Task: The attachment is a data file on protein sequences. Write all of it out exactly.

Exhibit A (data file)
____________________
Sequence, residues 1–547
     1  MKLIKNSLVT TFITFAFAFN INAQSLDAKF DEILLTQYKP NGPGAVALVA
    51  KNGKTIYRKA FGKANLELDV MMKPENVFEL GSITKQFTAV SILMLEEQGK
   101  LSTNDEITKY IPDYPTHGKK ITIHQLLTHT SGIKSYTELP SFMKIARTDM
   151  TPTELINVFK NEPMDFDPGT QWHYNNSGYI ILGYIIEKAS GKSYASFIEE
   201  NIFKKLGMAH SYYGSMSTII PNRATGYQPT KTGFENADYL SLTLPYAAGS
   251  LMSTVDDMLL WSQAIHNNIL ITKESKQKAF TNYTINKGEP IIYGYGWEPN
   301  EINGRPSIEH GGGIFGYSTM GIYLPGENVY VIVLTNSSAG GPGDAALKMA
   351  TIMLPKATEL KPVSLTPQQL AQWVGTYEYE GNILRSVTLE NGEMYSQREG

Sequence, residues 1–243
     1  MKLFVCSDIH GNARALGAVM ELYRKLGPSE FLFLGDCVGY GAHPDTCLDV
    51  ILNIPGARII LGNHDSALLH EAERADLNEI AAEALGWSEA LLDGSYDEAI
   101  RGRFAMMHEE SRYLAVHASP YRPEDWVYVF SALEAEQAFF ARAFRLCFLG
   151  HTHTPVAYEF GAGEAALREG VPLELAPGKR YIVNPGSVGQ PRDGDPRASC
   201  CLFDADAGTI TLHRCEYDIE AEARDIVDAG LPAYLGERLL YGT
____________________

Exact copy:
Sequence, residues 1–547
     1  MKLIKNSLVT TFITFAFAFN INAQSLDAKF DEILLTQYKP NGPGAVALVA
    51  KNGKTIYRKA FGKANLELDV MMKPENVFEL GSITKQFTAV SILMLEEQGK
   101  LSTNDEITKY IPDYPTHGKK ITIHQLLTHT SGIKSYTELP SFMKIARTDM
   151  TPTELINVFK NEPMDFDPGT QWHYNNSGYI ILGYIIEKAS GKSYASFIEE
   201  NIFKKLGMAH SYYGSMSTII PNRATGYQPT KTGFENADYL SLTLPYAAGS
   251  LMSTVDDMLL WSQAIHNNIL ITKESKQKAF TNYTINKGEP IIYGYGWEPN
   301  EINGRPSIEH GGGIFGYSTM GIYLPGENVY VIVLTNSSAG GPGDAALKMA
   351  TIMLPKATEL KPVSLTPQQL AQWVGTYEYE GNILRSVTLE NGEMYSQREG

Sequence, residues 1–243
     1  MKLFVCSDIH GNARALGAVM ELYRKLGPSE FLFLGDCVGY GAHPDTCLDV
    51  ILNIPGARII LGNHDSALLH EAERADLNEI AAEALGWSEA LLDGSYDEAI
   101  RGRFAMMHEE SRYLAVHASP YRPEDWVYVF SALEAEQAFF ARAFRLCFLG
   151  HTHTPVAYEF GAGEAALREG VPLELAPGKR YIVNPGSVGQ PRDGDPRASC
   201  CLFDADAGTI TLHRCEYDIE AEARDIVDAG LPAYLGERLL YGT